Want to be an inspirational mum Then put your job first
11:49 GMT, 15 July 2012
Angela Neustatter has written a book about the benefits of staying at home with your children
Is it better to have a stay-at-home mum, or a high-flyer Should parents escape their children on selfish mini-breaks
A child welfare expert, Angela Neustatter, wrote last week that when she and her husband left their two children with the childminder while they went to New York, they returned after ten days to find their younger son, then aged three, ‘restrained’, ‘distantly polite’ and ‘eerily quiet’.
I’d have thought a child being quiet could only be a good thing, but still.
They both took time off work and spent it with their now introverted boy. Neustatter, who has written a book called A Home For The Heart: Home As The Key To Happiness, concluded that even ‘date nights’ could make a child insecure.
She quotes research into family life that says children with working mums are given material privileges as compensation for their parents’ time and mindful attention, but that doesn’t make up for dialogue and sharing quality time.
First, I think the dilemma between a year’s maternity leave then a couple of years at home, or returning to work after a few weeks, is a middle-class problem.
I have yet to meet a cash-in-hand cleaner who is pondering, ‘Hmm, should I go and clean Miss Fussypants’s Georgian house next week, or take a year off to spend at home’
And, second, Neustatter assumes that if a woman leaves work to look after her children, she necessarily spends her time talking to them, taking them out on interesting, educational trips, reading to them and generally enriching both of their lives.
Still from 2011 film 'I Don't Know How She Does It' starring Sarah Jessica Parker as working mum Kate who struggles to balance a successful career and motherhood
The reality of a full-time mum’s life,
unless she can afford a cleaner, and has a car and a well-off husband,
is not like this at all.
My mum never once went out to work – at least, not until I was ten, when she worked as a dinner lady at my primary school.
she never had time to make collages with me, or take me anywhere, given
the reality of life for a woman without an office to escape to:
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Housework expands into every waking moment if you allow it to. I could never talk to my mum as she was always Hoovering, polishing the skirting board, or rubbing Brasso on the door knocker. There was, given her seven children, a huge volume of laundry to be done, not to mention food shopping – on foot or by bus – food preparation and then washing-up.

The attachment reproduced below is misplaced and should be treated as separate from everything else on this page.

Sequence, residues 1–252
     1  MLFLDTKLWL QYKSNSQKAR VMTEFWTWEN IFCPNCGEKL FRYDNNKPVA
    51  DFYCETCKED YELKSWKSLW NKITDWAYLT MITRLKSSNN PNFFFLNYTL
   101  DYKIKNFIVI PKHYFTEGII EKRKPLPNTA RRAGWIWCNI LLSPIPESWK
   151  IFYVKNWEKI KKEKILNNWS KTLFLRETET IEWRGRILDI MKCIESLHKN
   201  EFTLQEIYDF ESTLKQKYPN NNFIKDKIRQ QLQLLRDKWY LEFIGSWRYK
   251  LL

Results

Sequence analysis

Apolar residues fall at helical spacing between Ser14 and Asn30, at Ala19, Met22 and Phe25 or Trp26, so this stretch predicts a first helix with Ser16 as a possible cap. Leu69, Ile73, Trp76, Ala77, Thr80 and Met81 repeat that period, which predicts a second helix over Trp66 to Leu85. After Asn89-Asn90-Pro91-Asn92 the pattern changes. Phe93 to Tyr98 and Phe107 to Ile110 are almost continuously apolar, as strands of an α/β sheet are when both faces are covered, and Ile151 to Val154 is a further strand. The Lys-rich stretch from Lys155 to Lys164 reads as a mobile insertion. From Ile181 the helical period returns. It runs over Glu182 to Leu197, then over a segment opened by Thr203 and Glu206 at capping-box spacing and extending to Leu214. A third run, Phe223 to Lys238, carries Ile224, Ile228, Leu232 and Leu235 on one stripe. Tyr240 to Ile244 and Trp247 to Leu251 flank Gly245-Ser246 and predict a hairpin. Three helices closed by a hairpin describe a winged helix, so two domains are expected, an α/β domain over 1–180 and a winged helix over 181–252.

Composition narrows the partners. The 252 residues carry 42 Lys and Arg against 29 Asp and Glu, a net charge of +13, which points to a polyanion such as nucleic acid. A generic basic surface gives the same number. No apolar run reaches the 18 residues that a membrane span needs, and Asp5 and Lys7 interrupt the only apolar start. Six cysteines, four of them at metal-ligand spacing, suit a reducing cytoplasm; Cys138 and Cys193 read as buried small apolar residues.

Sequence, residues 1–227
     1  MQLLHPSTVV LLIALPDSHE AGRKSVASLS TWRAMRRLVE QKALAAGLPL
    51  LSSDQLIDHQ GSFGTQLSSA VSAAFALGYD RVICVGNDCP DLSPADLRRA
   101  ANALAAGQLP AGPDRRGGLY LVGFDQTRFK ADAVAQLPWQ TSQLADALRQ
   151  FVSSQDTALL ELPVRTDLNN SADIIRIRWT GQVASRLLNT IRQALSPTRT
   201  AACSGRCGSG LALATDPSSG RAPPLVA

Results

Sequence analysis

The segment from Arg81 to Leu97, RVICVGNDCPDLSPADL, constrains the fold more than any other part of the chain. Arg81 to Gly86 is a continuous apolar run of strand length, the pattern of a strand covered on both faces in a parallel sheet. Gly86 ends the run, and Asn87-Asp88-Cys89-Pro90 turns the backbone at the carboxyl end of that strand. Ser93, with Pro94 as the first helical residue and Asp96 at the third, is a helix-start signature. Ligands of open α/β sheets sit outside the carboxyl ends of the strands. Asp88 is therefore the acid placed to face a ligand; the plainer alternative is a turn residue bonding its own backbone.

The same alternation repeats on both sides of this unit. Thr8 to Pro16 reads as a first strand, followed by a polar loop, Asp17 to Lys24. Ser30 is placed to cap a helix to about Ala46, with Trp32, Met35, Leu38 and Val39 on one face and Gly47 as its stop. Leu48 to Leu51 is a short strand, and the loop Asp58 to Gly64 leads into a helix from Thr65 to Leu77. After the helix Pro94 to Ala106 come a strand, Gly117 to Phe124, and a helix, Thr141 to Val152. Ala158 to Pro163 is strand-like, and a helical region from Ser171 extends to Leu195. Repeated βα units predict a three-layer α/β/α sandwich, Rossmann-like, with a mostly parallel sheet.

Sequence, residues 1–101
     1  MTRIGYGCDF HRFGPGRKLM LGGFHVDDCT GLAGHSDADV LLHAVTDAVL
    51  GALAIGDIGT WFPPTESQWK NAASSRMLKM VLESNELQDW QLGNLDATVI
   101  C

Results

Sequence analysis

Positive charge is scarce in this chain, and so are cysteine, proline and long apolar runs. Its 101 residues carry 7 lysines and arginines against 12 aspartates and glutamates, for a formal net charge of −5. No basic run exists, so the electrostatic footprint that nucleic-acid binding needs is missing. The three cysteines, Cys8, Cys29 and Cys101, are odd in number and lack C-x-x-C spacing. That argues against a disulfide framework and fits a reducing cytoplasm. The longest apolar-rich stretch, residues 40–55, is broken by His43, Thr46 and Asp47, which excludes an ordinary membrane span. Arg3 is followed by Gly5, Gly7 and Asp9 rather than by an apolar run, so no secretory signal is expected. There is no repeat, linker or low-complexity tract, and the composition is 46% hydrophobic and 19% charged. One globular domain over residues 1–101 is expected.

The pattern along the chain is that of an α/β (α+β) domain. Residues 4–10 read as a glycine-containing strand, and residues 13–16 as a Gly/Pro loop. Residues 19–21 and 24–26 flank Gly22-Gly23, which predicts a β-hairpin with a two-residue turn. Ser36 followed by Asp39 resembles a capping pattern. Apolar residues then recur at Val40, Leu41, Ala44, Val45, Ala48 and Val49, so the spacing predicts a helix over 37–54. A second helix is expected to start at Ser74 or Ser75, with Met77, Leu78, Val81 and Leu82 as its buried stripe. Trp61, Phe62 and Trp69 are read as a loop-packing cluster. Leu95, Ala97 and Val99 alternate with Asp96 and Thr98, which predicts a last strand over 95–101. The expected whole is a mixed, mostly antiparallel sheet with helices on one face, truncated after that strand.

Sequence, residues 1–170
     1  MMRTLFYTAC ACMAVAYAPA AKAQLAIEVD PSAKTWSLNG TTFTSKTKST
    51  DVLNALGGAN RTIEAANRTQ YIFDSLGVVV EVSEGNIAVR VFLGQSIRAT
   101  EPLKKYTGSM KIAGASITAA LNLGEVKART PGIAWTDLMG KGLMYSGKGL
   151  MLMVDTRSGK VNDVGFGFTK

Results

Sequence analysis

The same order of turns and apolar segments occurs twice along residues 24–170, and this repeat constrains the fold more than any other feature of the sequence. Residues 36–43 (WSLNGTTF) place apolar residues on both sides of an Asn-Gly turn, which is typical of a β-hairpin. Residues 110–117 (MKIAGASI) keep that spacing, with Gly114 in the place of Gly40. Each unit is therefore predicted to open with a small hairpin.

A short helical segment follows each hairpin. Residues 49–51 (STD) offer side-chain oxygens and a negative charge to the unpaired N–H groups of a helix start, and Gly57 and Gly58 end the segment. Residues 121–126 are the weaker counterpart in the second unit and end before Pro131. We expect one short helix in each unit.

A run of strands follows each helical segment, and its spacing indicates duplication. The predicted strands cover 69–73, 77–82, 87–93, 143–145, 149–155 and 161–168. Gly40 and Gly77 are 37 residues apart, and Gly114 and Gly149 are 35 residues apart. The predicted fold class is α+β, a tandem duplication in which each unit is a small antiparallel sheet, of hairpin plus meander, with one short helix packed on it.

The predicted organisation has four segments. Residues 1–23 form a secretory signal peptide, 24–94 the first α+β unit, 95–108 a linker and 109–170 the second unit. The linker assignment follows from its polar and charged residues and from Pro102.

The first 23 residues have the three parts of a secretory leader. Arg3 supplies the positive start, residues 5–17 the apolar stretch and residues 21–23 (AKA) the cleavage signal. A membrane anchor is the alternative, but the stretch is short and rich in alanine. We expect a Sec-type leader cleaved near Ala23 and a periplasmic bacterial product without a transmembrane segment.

When a woman stays at home with a child, the focus is not on spelling, fell walking, or even a trip to the park. It is on keeping everything in order.
Neustatter paints life for the woman at home with her children as a fantasy world of talking and stimulation.
The truth is that it is so mind-numbingly boring, the constant cycle of mopping and wiping, that rather than seeing the adult as a role model, a friend, a source of wisdom, instead the over-mummied child sees a drudge. I know I did.
It never occurred to me my mum might want a weekend off, or to be cooked a meal, or given help with the weeding.
Having a mum on tap teaches children not to clean up after themselves (my mum never even taught me how to iron. I was 37 before I realised you have to apply pressure), and it teaches boys that, one day, they need to marry someone so they never have to learn how to put on a clean double-duvet cover.
The stay-at-home mum encourages extreme myopia, too: the child soon learns the female adult has no idea of Hillary Clinton’s job title.
Of course, working mums are not ideal, either, if they are the type who shop for groceries at lunchtime and leave on the dot of six. These mums are really the stay-at-home type, but are too mean to give up the salary, the holidays, the status and the nap at the desk.
But a working mum who puts her career first, children second, can only be an inspiration.
I hated having a mum who had never written a cheque, or used cash-back.
I swore I would never be reliant on a man for anything. I would have loved a mum who could have shown me a different world, the one beyond the washing line and Sainsbury’s.
We’ve all been told that pushy parents are anathema to drive and self-motivation, but I don’t know. I wish I had been pushed, given a leg up, rather than having parents whose only ambition for me was not to get run over.
Because my mum never left the home other than to buy groceries, I never realised the world had possibilities, but merely saw it as a terrifying place.